Long time ago it was Audiogalaxy. Splendid peer-to-peer file-sharing application.
Thanks to Audiogalaxy I got lots of hard-to-find songs. Unfortunately I lost them all during a computer upgrade.
Then it was Napster. Not as good as Audiogalaxy- in my opinion of course- but still good enough to find songs.
It was good until all that legal trouble with Metallica that felt robbed and sued Napster for loss of money.
The revamp Napster was a pay for song application and honestly speaking I don’t know if it’s got the same popularity as before the scandal.
Now it’s a new kid on the block, named Qtrax which boasts a selection of up to 30 million tracks.
Actually Qtrax has been launched sometimes in 2002 but shut down after a few months to avoid legal trouble.
Now the company is working with major record labels: Warner Music Group, Sony BMG Music Entertainment, Universal Music Group and EMI Group and the downloading is free.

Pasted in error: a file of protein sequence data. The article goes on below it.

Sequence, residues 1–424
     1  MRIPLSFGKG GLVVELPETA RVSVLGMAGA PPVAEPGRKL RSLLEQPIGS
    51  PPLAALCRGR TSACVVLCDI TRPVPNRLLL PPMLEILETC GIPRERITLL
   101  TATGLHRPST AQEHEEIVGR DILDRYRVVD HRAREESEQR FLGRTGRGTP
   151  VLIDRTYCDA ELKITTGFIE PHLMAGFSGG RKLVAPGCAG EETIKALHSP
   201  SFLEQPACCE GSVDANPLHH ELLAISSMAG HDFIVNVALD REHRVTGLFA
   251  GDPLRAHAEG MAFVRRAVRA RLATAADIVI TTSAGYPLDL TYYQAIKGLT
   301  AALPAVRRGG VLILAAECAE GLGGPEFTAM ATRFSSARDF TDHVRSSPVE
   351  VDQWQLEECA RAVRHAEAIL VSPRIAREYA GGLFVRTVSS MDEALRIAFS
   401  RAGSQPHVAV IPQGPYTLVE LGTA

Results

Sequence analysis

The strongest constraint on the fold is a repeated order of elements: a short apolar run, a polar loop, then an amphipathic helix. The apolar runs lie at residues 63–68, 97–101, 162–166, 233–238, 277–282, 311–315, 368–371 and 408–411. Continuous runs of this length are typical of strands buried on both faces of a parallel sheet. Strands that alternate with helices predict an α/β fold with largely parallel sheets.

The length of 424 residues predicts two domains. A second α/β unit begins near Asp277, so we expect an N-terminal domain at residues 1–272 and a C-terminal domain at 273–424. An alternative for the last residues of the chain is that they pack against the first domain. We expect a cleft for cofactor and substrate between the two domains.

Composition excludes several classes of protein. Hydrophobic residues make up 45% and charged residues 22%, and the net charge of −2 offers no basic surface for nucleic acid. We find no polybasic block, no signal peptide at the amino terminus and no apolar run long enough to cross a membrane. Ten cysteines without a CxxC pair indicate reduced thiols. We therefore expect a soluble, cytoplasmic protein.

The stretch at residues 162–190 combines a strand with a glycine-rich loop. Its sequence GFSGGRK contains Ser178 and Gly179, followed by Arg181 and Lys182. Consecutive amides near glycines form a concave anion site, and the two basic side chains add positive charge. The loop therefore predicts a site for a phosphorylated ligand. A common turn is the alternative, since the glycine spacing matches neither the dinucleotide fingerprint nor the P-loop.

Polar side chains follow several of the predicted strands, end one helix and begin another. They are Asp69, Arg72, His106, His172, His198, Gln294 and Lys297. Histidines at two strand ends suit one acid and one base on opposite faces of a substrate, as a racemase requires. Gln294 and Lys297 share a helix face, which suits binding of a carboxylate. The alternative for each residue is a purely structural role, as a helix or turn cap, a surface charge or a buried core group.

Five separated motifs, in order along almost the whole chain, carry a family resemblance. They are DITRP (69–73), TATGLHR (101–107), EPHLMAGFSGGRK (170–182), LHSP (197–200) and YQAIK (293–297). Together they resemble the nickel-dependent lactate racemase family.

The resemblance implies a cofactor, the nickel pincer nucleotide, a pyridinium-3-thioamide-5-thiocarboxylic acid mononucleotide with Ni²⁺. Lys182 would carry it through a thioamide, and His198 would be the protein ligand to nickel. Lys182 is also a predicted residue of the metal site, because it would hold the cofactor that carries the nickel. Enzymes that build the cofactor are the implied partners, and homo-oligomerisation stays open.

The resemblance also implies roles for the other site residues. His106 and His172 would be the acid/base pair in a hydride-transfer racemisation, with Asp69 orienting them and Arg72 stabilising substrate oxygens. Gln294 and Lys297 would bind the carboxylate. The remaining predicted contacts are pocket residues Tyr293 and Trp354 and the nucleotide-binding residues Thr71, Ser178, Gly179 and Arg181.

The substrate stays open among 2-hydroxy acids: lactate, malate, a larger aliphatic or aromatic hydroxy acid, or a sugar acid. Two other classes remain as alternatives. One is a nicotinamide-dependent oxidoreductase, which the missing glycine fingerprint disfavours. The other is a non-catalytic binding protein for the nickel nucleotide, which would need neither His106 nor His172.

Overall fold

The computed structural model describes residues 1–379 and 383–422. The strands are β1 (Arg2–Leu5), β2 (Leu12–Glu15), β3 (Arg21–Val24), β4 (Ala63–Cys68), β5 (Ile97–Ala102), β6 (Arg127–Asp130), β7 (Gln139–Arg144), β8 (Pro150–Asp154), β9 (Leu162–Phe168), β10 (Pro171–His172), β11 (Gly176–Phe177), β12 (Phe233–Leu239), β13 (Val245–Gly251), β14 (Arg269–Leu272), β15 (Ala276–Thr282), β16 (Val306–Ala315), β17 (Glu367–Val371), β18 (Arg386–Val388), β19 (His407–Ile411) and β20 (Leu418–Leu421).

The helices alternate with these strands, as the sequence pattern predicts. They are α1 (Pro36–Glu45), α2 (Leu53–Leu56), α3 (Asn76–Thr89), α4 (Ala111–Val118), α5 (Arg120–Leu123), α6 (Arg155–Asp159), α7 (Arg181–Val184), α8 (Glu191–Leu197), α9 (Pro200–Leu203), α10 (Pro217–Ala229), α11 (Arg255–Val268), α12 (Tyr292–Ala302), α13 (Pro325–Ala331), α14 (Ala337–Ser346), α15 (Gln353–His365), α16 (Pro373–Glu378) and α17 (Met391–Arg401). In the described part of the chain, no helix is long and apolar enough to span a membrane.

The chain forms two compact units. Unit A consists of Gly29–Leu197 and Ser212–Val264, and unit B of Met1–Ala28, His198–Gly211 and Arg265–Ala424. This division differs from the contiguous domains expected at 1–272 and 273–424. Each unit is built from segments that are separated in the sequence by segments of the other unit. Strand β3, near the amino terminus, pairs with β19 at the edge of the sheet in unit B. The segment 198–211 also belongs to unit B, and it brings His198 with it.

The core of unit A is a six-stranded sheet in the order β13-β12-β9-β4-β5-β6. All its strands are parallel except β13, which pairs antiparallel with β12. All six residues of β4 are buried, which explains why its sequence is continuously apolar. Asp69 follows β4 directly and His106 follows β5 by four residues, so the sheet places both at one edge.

To take advantage of the legally free service, the user need to download the Qtrax software which displays advertising while the user is searching and downloading songs.
The site will feature music videos, interviews and even tracks from live concerts recorded the night before.
What’s the catch? Here it is: downloads come with copy-protection technology, namely digital-rights management (DRM). Meaning that you can’t burn copies to CD, but you can store it indefinitely on PCs and transfer onto portable music players.
So far it’s not available for iPods and Macintosh computers. Allegedly it would be as early as March.
It remains to be seen if Apple would take some steps to block Qtrax files from working on iPods. Apple has its own version of DRM dubbed FairPlay.